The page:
Well said and it still holds true. My little household is certainly not in a yacht, but maybe a small trawler? I fully acknowledge our privilege. 2021 was pretty decent for us, on a personal level, aside from my friend’s death. And unhealthy air quality that kept me indoors at times. Like many American workers, I switched jobs mid-year. And for the first time since 2015. It is higher paying and much more aligned with the work I want to do, and still fully remote, thankfully. Because of the higher pay, I was able to take a break from teaching. Working just one job makes for a much better work/life balance situation. All year I continued to nurture relationships with my most trusted friends / chosen family, even when anxiety and depression had me on the ropes. I am so grateful to have those folks in my life. I’ve built up a wonderful community for the kid and me, and I’d be lost without them. Last month I began my first romantic relationship in ages. That one is a work in progress. We’ll see. But the hard work in therapy is paying off. Now it comes more easily for me to speak up to set my expectations and explain my boundaries. Before therapy I was much more of a people-pleaser and so conflict avoidant. Even if this relationship doesn’t work out, I’m proud of myself for standing firm with what I want and need. I came across this (unattributed) quote:

I want you to know something: I am very good at being single. I have absolutely no problem being single. The only reason I would be in a committed relationship with someone is if that relationship is directly benefitting me and my life. I don’t want our relationship to become complacent or under-appreciated. I will give as much love, time and energy as I can to making sure that our relationship is something that is fulfilling to both of us.

Hot damn! That’s me now. Feels good. Some more closing thoughts for the year:

  • Some solid advice from Teen Vogue about How to Talk About a Chaotic, Traumatic Year
  • I watched the new Matrix movie on my TV, just like I did with the new Dune movie. I would have rather seen both on the big screen but I’m trying to play it safe. Not everyone is loving the new Matrix movie, but I sure enjoyed it. So much nostalgia. I was 25 and pregnant when I saw the first film. Seeing these aged actors play these beloved characters again was very satisfying. And there’s another level to it: ‘This was clearly written by people who feel like I do’: What The Matrix means to transgender and non-binary fans as Resurrections hits cinemas. I am one of those non-binary fans.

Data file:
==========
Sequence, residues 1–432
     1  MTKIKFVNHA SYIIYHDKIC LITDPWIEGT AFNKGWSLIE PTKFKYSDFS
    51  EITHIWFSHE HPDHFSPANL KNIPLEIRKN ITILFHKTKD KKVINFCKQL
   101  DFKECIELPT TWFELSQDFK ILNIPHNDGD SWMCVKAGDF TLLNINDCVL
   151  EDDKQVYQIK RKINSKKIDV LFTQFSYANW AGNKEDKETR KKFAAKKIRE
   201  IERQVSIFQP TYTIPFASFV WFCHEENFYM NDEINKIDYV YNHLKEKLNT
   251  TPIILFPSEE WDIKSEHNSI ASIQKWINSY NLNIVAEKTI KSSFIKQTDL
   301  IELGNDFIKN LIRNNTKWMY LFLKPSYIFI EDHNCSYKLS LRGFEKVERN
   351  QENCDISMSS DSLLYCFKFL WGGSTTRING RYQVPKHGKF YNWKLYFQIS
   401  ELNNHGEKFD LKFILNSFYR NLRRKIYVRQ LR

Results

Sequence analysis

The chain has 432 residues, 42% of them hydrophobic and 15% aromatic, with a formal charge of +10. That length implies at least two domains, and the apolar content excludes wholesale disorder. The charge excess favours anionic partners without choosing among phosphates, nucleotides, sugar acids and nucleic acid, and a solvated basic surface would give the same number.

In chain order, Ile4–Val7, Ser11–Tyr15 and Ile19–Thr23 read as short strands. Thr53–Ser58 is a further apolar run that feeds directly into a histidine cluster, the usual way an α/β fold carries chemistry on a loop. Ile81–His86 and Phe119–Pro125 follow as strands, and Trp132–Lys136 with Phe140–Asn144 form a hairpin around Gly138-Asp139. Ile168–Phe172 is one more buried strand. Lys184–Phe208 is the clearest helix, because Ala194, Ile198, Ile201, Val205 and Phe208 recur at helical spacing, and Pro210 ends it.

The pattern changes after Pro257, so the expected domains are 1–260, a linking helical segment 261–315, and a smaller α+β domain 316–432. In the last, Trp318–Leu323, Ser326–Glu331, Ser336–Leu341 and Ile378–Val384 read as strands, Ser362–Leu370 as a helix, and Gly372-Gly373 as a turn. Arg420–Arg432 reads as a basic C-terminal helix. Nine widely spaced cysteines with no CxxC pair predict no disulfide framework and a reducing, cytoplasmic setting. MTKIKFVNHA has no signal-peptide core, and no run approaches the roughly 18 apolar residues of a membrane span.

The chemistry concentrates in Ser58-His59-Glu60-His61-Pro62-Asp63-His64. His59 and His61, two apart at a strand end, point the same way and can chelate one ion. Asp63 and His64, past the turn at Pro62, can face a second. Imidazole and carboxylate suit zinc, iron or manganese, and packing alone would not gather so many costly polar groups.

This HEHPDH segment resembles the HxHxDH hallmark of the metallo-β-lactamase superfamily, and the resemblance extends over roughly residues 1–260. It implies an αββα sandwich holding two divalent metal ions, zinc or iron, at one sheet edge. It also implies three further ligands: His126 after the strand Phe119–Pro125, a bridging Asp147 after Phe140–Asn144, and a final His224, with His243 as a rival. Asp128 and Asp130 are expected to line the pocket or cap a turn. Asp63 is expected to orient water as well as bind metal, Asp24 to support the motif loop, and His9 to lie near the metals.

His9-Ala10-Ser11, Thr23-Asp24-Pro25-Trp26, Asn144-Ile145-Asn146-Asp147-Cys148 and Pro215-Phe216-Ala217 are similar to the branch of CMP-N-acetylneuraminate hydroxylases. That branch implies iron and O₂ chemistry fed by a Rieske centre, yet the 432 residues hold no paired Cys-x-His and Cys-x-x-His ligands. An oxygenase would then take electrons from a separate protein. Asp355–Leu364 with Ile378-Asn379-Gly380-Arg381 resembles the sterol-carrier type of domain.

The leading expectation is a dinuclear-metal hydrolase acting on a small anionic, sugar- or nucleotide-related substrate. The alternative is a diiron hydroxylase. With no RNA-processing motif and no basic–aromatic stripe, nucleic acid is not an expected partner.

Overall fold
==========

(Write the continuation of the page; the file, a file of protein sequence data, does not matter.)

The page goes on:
• Years before COVID-19, I enjoyed Emily St. John Mandel’s post-apocalyptic pandemic novel, Station Eleven. I didn’t think I’d want to watch an adaptation of it now but it is beautifully done. “Both novel and series are less survivalist action-adventure than ruminations on what makes human lives meaningful, what we’d choose to save when losing everything.”
  • My son and I watched the first episode of The Book of Boba Fett last night. And it solved the mystery of how he survived the Sarlacc Pit.
  • Unfortunately, there are too many people out there who will try to profit from misery. Counterfeit masks are being sold that will not protect anyone from COVID-19. This is such reprehensible behavior. Thankfully there are groups carefully vetting such products. It’s probably time to up your mask game. Check out Project N95 or this article from NPR.

Nothing like a little deja vu for New Year’s Eve. Or is it a glitch in the Matrix? In preparation for tomorrow night, I suggested I would make vegan sushi again for NYE, but maybe I would add vegetable tempura this time. And my son was like “uhh, yeah. You did that last NYE too.” Sure enough, I looked back through my photos and there it is. “Those who cannot remember the past are condemned to repeat it!” At least I don’t mind repeating this piece of our past. But I’d rather we skip wave after wave of new COVID-19 infections. I no longer make resolutions or predictions so we’ll just wait and see what 2022 has in store for us.

Christmas Eve 2021 vegan cheesecake topped with blackberries and sliced almonds displayed on a red metal cake stand
Homemade vegan sushi feast on a white ceramic serving tray
spooky photo of my son at the age of 6, wearing a red velvet cape trimmed with white and a crown, with only the whites of his eyes visible

All Stories End

Usually I celebrate the solstice. But my good friend Matt Gray died yesterday. While I very much want to celebrate him, I’m still reeling. Last week I was able to join a Zoom with Matt, to tell him how much I loved him and how much his friendship meant to me. Matt said he loved me too. One of the perks of working from home is I can cry at my desk without anyone noticing.